$450,000,000,000 Price Tag and Counting

Filed under: The world today,Wars — John Maass @ 6:51 am

I came across this on the website of The Army Times, which puts the current war into perspective fiscally.

At $450 billion, the war in Iraq has already cost more than the 1991 Persian Gulf War and the Korean War. Within a year — and some $200 billion more in spending — Iraq will almost certainly exceed the cost of the Vietnam War, according to the Center for Strategic and Budgetary Assessments (CSBA).  And that’s just Iraq. The war in Afghanistan has cost $127 billion so far, according to CSBA budget studies chief Steven Kosiak.

The rest of the short, sobering story is here.  Now what if the money were used on prevention of terror attacks here at home, rather than invade Iraq, get lots of people killed, and have no end in sight?

September 19, 2007

Settled in at Ft. McNair

Filed under: Employment — John Maass @ 8:46 am

At long last, it seems that I have been able to settle in to my new digs at the Army’s Center of Military History (CMH) at Ft. McNair, D.C., although I have run into typical governmental problems with regard timely reimbursements.  But all that I suppose will work out in the end and soon.  Anyway, I plan to try to increase the amount of what I post, if time permits. I had thought about quitting the blogging scene at one point a month or so ago, but will see how this goes. As usual, most of what I put on my blog falls into 2 categories:  informational postings about conferences, opportunities, new books, announcements, etc., for the most part on matters related to history; and links to news stories and websites about which I offer little comment of my own.  So I guess in a way that is not really blogging at all, since I don’t comment much myself.  This goes back to the original intent I had when I started the blog, i.e., it was supposed to be a site for my students (when I taught at Ohio State University) to get class info, etc., but it did not really work out that way.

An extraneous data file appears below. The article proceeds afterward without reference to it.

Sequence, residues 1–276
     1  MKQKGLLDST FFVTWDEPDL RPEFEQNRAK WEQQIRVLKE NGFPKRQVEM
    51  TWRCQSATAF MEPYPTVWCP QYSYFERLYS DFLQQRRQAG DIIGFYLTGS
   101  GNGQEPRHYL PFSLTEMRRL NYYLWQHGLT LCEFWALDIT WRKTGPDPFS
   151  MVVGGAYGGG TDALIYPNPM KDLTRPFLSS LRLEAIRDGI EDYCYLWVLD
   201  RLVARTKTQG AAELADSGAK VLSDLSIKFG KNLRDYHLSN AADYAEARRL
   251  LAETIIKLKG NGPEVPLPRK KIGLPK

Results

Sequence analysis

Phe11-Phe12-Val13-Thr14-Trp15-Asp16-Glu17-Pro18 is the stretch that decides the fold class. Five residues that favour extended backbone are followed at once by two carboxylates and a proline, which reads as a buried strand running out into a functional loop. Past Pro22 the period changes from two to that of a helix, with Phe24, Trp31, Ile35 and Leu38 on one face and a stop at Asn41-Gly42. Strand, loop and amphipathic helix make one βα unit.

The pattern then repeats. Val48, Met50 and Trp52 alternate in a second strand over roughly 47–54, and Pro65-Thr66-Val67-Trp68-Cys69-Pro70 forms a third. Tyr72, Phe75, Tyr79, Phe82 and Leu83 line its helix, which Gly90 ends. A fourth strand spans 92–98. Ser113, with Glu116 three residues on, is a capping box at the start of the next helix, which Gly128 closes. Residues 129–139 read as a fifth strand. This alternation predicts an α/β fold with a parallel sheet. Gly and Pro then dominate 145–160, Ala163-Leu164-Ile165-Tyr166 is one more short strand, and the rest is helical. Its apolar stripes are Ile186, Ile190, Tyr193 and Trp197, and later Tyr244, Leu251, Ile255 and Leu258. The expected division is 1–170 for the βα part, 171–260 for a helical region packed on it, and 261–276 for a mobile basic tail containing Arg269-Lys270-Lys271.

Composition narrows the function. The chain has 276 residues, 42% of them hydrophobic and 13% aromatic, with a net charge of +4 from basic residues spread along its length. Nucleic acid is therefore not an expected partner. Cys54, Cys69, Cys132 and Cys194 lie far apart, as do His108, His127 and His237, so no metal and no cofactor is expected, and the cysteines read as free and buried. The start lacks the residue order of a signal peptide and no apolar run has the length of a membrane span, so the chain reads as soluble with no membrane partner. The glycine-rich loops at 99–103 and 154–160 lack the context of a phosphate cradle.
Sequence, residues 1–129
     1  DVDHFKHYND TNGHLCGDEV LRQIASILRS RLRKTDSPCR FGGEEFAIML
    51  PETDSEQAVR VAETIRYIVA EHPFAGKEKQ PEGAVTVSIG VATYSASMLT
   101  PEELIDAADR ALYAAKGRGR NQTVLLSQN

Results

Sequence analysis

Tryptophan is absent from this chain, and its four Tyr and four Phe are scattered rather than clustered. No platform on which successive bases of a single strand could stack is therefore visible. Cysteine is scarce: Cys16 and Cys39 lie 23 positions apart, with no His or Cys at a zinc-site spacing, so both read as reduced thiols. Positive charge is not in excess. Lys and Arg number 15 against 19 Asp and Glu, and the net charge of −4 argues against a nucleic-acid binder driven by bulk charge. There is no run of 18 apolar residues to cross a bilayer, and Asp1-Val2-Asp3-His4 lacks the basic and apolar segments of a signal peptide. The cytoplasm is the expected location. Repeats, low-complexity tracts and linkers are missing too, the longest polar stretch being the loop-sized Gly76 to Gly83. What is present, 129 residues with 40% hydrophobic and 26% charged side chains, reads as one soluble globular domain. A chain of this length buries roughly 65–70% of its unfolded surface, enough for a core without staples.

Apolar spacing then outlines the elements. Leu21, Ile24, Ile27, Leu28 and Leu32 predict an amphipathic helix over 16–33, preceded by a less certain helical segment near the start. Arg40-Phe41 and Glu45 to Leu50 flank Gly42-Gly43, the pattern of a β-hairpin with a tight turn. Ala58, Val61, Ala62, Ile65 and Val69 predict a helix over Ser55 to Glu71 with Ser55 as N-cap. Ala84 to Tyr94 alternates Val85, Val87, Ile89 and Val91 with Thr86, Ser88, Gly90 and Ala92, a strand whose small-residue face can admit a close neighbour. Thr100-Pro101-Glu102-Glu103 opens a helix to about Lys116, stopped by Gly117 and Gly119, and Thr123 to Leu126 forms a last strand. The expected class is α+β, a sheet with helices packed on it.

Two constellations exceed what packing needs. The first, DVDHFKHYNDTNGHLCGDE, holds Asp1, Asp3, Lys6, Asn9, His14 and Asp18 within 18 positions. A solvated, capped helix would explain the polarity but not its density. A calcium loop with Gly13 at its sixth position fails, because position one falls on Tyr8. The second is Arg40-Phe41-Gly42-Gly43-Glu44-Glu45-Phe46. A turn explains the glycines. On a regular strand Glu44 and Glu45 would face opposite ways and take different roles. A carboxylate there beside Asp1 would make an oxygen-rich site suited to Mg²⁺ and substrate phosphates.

Again, we will see how it goes.

Back to my new situation.  The job here is great, and I like Fort McNair, a lot.  In continuous use since 1791, its the closest thing to a college campus in appearance I have seen for an Army installation, and those who have been to hell-holes like Ft. Bragg know what that means.  There some details about the fort’s history here.  About 90 percent of the present buildings on the post’s 100 acres were built, reconstructed or remodeled by 1908. In 1901, with the birth of the Army War College, the post, now called Washington Barracks, became the Army’s center for the education and training of senior officers to lead and direct large numbers of troops. Its first classes were conducted in 1904. The Army Industrial College was founded at McNair in 1924 to prepare officers for high level posts in Army supply organizations, and to study industrial mobilization. It evolved into the Industrial College of the Armed Forces. The Army War College was reorganized as the Army-Navy Staff College in 1943, and became the National War College in 1946. The two colleges became the National Defense University in 1976.  The map below will show where it is exactly, at the yellow star.

I also include this photograph of the hanging of the Lincoln conspirators, which occurred here at the fort in 1865, about 50 yards from my office. 

Finally, a view of this post today:

Lafayette, he is here!

Filed under: Early America — John Maass @ 8:22 am

Symposium to Commemorate the
250th Anniversary of the Birth of the Marquis de Lafayette:
“Le Marquis de Lafayette and the Spirit of Revolution.”
Washington DC, September 26 – 27, 2007